The United Kingdom faces the economic challenge of an aging society and increasing pensioners to support its working population. There were three people of working age for every pensioner in 2010, but by 2050 this is projected to be just two and it is also calculated millions of UK citizens are failing to plan financially for their retirement. In 2012 only 1 in 3 private sector workers was in any pension scheme (reflecting a 40-year downward trend) with their financial performance impacted by recent poor stock market returns and low interest rates affecting government bond yields.

The UK government is increasing the State Pension age (for men and women) to reach 66 by 2020 and 67 in 2028, with the major reform of ‘Auto-Enrolment’ introduced by the Pension Act 2008 to encourage long-term retirement saving. That act by 2018 compels all UK employers to place their staff into a workplace pension scheme and contribute towards it if they are:

  • Not already in any qualifying pension scheme
  • 22 years old or over
  • Under the State Pension age
  • Earn (subject to annual review) more than £10,000 per annum

Employees can leave a pension scheme within one month of officially becoming a member and any payments made by them are refunded. Should they choose to opt-out after this period (and depending on the nature of their pension), those payments may not be returned and could remain there until retirement.

For smaller employers, Auto-enrolment may involve establishing and contributing to a pension scheme for the first time. It’s essential to research and start planning for this over a suitable period before any ‘Staging Date’ and consider these points:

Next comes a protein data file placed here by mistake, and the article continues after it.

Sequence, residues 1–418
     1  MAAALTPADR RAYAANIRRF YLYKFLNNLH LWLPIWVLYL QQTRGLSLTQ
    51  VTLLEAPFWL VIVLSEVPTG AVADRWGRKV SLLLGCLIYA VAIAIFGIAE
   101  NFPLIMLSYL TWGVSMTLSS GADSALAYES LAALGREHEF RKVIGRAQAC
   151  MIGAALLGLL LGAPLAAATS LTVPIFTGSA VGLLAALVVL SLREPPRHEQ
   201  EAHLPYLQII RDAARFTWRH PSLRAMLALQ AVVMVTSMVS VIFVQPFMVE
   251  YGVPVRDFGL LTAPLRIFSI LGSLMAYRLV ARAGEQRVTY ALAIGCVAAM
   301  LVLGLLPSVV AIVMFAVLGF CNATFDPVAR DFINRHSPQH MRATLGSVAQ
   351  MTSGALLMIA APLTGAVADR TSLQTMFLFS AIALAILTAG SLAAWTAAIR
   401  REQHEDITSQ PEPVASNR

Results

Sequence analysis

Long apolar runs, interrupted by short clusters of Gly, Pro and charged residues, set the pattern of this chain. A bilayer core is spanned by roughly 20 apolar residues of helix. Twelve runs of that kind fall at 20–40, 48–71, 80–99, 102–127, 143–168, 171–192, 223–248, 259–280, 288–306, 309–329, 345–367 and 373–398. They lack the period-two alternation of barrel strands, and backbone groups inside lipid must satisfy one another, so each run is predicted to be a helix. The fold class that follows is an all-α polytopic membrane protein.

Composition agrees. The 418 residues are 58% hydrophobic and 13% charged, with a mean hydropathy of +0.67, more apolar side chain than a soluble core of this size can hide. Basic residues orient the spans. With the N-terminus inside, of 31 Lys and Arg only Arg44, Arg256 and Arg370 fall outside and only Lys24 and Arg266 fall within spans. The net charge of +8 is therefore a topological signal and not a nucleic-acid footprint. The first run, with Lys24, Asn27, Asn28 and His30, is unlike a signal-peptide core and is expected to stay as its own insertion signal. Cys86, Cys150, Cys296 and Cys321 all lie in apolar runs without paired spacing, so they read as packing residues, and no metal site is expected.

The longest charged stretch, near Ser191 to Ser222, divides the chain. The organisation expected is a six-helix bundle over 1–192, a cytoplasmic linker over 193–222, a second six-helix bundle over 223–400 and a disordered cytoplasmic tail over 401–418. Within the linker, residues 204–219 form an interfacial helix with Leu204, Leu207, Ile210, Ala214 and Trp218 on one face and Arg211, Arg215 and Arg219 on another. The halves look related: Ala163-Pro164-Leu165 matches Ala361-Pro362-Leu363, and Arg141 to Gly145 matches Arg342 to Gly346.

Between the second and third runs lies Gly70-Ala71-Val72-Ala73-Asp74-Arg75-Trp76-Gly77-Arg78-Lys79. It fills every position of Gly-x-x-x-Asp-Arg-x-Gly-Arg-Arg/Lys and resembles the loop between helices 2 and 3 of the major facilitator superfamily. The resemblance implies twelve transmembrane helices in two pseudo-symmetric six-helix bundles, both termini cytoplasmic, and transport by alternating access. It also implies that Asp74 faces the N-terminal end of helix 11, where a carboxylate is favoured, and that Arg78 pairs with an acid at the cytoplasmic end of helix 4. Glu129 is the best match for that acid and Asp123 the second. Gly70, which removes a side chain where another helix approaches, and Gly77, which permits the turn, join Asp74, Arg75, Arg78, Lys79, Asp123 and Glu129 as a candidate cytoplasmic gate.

The Staging Date

This date is when a company is legally obliged to commence automatic enrolment and should be used by employers to plan accordingly. The time depends on the number of persons in the largest P.A.Y.E scheme that the company uses, based on data from HMRC which is held by The Pensions Regulator.

Understand your Workforce

Identify and define the differing types of workers in your employment with any corresponding employer duties. Individual contracts may require close examination to determine where such duties exactly lie, especially with agency employees and contractors.

Systems and Software

Many functions necessary to comply with automatic enrolment involve business processes (such as monitoring the age and earnings of employees to deduct the correct pension contributions) that will affect Payroll, HR, and Pensions Administration. These should be automated to ensure they all run in an effective and efficient manner.

Review Pension Arrangements

You may operate an existing pension scheme you want to use for the purpose of automatic enrolment. These schemes will need to meet certain criteria, and you need to understand how the new legislation may affect any existing pension arrangements (such as salary exchange or contractual enrolment), which may involve revising its terms, rules, and conditions


There is a broad range of information (including financial details on employer and employee contributions) companies are required to provide their employees with their pensions. Some information must be sent to each worker individually, while also ensuring the right person receives the correct information at the appropriate time (for example: if they change their role or category).


Individual employer duties must be obliged. The failure to do so or achieve their Staging Date may result in The Pension Regulator enforcing a notice or penalty.


Employers must register with The Pensions Regulator informing them of the work they have done to comply with their automatic enrolment duties. It is incumbent on the employer to report, and this must be completed by them within the five months following their staging date.

(The content of this Post on Automatic Enrolment is based on our understanding of the relevant legislation at the time of writing and intended to provide an appreciation of this important topic, but it is not advice. A useful source of further information is The Pension Regulator website).